Of course - browse is simply a single view of data, using a single type of abstraction layer (human readable in this case) to generate that view.
I do think that browse is a bit more than that: it is the way people are *supposed* to search the system. It is the way the catalog was designed to function correctly. 99% of the control that librarians provide is based on headings. Browse searches make these headings much more comprehensible than simple keyword. For example, subject headings with their many subdivisions, make sense only in the aggregate, and are designed to be browsed alphabetically (mostly). Uniform titles are the same, along with corporate bodies. Personal names, less so, but with personal names, the variants (4xx, 5xx) are critical to browse.
The problem is, the moment keyword became the dominant way for people to search (which was about 2 minutes after it was implemented), the traditional browse became stranger and stranger. Catalogers and other librarians caught on to this change very slowly, and some never at all. The undergraduates I work with now think browses are very, very weird. As a result, our catalogs, traditionally based on browsing cards, based in turn on printed catalogs, are becoming more and more distant from our patrons. Librarians never really reconsidered the function of the catalog--they just tacked on keyword and thought they were done.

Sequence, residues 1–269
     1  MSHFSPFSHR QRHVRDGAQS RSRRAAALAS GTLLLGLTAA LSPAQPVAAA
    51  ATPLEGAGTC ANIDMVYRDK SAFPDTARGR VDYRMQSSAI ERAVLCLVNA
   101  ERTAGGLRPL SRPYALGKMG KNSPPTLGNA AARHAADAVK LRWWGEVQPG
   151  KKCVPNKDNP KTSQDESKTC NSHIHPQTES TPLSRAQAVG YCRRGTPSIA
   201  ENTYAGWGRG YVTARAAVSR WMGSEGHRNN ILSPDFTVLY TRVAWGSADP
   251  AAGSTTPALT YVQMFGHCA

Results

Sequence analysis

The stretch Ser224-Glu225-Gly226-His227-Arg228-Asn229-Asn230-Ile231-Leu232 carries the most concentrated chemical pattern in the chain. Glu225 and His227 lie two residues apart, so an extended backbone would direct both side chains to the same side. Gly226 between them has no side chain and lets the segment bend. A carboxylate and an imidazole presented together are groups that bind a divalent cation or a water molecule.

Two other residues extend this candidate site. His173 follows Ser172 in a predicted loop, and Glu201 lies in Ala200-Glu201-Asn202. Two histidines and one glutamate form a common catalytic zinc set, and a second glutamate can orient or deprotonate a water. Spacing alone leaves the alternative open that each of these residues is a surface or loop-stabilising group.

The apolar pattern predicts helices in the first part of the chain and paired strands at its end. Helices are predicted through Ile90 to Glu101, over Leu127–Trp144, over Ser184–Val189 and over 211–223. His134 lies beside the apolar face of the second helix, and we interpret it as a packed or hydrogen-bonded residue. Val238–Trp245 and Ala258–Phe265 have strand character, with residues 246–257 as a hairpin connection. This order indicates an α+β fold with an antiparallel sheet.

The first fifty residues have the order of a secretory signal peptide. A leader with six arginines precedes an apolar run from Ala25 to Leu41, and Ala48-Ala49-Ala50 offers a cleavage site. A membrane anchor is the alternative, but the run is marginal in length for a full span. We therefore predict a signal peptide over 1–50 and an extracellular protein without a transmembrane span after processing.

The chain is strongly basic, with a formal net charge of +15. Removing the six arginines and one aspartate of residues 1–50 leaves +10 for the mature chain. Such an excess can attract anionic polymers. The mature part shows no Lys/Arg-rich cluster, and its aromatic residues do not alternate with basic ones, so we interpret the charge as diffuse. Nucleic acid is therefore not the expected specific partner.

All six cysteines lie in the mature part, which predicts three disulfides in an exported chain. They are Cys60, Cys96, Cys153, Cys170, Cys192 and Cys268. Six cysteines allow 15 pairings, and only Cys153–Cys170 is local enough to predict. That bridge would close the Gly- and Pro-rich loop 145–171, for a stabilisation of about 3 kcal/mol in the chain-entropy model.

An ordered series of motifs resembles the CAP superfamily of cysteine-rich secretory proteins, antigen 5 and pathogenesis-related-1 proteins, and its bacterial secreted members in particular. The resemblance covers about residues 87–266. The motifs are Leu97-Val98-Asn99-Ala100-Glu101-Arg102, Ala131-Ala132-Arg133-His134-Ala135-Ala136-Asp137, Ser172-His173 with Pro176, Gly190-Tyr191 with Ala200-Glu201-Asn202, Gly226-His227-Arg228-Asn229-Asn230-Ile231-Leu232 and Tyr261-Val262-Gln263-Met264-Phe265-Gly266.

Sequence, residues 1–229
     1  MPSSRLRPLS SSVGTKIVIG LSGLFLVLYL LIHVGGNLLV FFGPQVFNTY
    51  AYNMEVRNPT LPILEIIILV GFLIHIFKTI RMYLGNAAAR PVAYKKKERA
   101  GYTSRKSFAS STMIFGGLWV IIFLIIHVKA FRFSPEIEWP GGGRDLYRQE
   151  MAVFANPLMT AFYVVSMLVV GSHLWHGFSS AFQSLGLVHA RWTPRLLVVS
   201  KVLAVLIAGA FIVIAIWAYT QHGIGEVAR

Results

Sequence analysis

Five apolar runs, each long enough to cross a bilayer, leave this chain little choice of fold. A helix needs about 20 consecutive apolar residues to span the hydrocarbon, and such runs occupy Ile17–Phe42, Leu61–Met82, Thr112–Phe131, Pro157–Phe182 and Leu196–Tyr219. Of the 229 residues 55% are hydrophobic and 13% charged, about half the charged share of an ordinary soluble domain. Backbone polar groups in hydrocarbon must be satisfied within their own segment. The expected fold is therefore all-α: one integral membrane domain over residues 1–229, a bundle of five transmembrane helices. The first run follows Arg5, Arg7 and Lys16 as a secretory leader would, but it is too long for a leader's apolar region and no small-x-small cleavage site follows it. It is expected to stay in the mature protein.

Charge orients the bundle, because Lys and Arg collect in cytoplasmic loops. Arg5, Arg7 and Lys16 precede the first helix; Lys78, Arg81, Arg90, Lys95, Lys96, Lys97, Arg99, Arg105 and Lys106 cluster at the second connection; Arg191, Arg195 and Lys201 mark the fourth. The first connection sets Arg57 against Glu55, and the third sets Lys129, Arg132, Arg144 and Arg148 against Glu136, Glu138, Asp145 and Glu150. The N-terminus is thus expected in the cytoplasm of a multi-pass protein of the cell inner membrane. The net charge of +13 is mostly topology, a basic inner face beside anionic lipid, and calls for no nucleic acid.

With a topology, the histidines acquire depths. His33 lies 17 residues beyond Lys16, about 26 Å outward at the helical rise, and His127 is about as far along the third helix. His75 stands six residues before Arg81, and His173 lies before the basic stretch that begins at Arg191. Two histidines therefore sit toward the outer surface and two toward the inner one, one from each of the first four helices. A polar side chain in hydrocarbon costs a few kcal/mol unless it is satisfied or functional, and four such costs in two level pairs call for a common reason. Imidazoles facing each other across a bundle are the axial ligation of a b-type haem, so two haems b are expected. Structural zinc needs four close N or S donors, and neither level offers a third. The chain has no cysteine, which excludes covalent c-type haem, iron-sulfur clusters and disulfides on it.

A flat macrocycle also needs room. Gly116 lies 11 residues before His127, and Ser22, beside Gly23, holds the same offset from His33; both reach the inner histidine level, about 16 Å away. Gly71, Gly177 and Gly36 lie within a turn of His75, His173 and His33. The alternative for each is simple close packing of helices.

The task is not to expect everyone to use the browse search again and teach/force them to do it, since this is impossible and retrograde, but to adapt the power of our records to the new environment where traditional browsing does not occur and never will again. We must accept that those days are gone forever. At the same time, browsing the headings is very powerful and something you *cannot* do in a search engine. Tools such as Aquabrowser have tried some new methods to a point, but I don't know if any has succeeded.
I like to think of these things in a different way: there were always big problems with browsing. It was never the greatest thing to do and it was always very complicated. How can we make it better?